figure 1

Assessment of the pneumonitis lesion via chest CT scan before (a) and after 3 days (b) and 7 days (c) of prednisolone and antibiotics treatment

Discussion and conclusion

Pneumonitis can develop at any time once the immunotherapy initiated. The median onset of pneumonitis is in average three months post the latest immunotherapy [5]. In our case, the first onset of pneumonitis arose after two months of the last cycle of sintilimab. The diagnosis mainly relies on the CT images, infectious disease (ID) consult, and pulmonary consult. The bronchoscopy is also alternative if required [6]. According to the CT presentation, the pneumonitis is more extensive in the lower lobes instead of middle and upper lobes. The radiographic features vary, but the majority displays GGOs in cryptogenic organizing pneumonia (COP) pattern. Thus, it is difficult to differentiate immunotherapy associated pneumonitis and COVID-19 pneumonia sole by CT imaging.

To diagnose COVID-2019 pneumonia, the positive real time RT-PCR assay result is fundamental. However, the first task is to confirm Wuhan exposure history or close contact with people from Wuhan or COVID-19 patients in the last 2 weeks according to China updated the novel coronavirus pneumonia diagnosis and treatment program (trial version) [6, 7]. Other criteria include fever and/or respiratory symptoms, imaging evidence of viral pneumonia, and normal or low white blood cell count or lymphopenia.

In our case, the hypoxemia firstly appeared at the 15th day of close contact on his son, who has a residential history in Wuhan. The son was still suspicious of asymptomatic COVID-19 infection even with normal chest CT imaging, and the complete blood cell count test, a s his coronavirus status was not tested when his father was admitted. The following negative RT-PCR tests from the patient and a good response to prednisolone indirectly supported the diagnosis of anti-PD-1 related pneumonitis. Additionally, the son’s RT-PCR test in May was also negative, which consolidated the conclusion mentioned above.

Our patient started on one cycle of paclitaxel followed by progression on a CT scan and developed dyspnea within 5 weeks. It is important to exclude taxane-induced pulmonary toxicity. As it is rarely reported in clinical trials and case reports, the overall occurrence is difficult to assess. The high-risk factors included a history of lung pathology such as emphysema or interstitial lung disease (ILD). Typical CT imaging reflected diffuse bilateral process, such as GGO [8]. In our case, the pneumonitis presented with lattice opacities limited in unilateral lung. Thus, the prior diagnosis of taxane-induced pneumonitis was not considered for this patient.

The pneumonitis symptoms are easily ignored as they are masked by the primary lung cancer disease such as large tumor mass. A thorough evaluation is encouraged for clinicians in case of suspicious onset including dyspnea, cough and fever. Bronchoscopy with bronchoalveolar lavage (BAL) is recommended in early stage to rule out alternative diagnosis such as infectious pneumonia. However, in COVID-19 pandemic period, the endoscope was not encouraged in case of crossover infection. According to the blood test and CT imaging, the bacterial infection of our patient was at least not excluded and the comorbid of pneumonitis was more likely to occur.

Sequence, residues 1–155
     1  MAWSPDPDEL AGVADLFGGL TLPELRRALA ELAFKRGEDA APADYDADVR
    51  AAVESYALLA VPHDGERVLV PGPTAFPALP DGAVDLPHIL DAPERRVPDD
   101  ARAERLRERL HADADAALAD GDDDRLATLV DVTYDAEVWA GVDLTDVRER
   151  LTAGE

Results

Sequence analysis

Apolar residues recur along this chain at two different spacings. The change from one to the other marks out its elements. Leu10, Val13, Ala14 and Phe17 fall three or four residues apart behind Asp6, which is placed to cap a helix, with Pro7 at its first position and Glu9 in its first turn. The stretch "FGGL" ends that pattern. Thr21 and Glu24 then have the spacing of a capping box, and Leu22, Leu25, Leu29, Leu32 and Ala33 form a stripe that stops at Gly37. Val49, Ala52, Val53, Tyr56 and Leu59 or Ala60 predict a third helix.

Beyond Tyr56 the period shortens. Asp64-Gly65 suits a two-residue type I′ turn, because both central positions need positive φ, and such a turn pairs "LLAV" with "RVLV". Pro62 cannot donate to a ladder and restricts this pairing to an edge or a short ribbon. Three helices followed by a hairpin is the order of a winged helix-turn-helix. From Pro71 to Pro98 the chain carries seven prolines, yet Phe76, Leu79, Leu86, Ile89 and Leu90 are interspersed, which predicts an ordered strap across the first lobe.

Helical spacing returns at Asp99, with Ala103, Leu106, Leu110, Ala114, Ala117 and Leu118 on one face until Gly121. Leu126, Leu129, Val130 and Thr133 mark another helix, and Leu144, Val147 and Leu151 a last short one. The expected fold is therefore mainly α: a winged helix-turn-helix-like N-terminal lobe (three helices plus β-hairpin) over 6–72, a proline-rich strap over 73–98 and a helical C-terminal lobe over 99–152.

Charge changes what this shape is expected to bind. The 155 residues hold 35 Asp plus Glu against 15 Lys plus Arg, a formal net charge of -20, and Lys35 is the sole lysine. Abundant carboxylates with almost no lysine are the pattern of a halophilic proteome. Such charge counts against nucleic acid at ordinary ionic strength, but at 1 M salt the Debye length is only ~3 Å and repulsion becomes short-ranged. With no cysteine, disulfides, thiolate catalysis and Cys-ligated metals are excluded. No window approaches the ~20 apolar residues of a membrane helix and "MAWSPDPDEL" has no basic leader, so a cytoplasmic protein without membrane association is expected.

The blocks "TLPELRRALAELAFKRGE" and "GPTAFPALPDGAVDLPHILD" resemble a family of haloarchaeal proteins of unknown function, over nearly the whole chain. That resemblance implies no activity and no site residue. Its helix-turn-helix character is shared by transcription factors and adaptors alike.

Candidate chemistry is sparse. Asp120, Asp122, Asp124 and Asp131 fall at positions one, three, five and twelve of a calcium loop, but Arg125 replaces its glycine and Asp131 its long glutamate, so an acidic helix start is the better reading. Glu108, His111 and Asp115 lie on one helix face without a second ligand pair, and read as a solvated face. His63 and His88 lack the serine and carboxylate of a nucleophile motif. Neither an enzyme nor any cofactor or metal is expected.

Steroid therapy is still controversial in the management of COVID-19 pneumonia whereas it promptly relieves respiratory symptoms in anti-PD-1 related pneumonitis. In pandemic areas, the anti-PD-1 related pneumonitis was to some extent masked by coronavirus pneumonia due to the alert of COVID-19, leading to prolonged diagnosis and delayed treatments. Therefore, the routine screening of COVID-19 has been mandatory before hospitalization in China. In conclusion, the differential diagnosis should fundamentally base on the epidemiological information, RT-PCR tests and past immunotherapeutic history.

Availability of data and materials

All data generated or analyzed during this study are included in this published article.



Bronchoalveolar lavage


Computed tomography


C reaction protein


Cryptogenic organizing pneumonia


2019 Novel Coronavirus


Immune-related adverse event


Infectious disease


Interstitial lung disease


Ground glass opacities


The real-time reverse-transcription polymerase-chain-reaction


White blood cell


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The authors thank Prof. Hua Wang for editorial assistance.


This work was supported by the grant from Anhui Key Research and Development Project (1704a0802163). The funders had no role in study design, data collection and analysis, decision to publish or preparation of the manuscript.

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YD and PPL drafted the manuscript, prepared the figures and performed the final revision of the manuscript. XQL, ZYZ, YRZ and SL extracted the clinical data from clinical records and prepared figures. YYD revised the manuscript for important intellectual content. All authors read and approved the final versions of the manuscript for submission.

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Correspondence to Yingying Du.

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Dai, Y., Liu, S., Zhang, Y. et al. A false alarm of COVID-19 pneumonia in lung cancer with anti-PD-1 related pneumonitis: a case report and review of the literature. J Med Case Reports 15, 41 (2021).